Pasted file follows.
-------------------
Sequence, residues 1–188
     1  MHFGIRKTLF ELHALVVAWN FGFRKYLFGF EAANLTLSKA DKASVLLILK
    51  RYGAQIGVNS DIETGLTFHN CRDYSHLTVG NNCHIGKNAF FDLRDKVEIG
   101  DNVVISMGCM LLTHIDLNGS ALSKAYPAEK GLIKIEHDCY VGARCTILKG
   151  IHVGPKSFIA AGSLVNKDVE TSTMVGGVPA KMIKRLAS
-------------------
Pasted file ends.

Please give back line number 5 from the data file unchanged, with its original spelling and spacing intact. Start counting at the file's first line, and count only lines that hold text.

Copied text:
   151  IHVGPKSFIA AGSLVNKDVE TSTMVGGVPA KMIKRLAS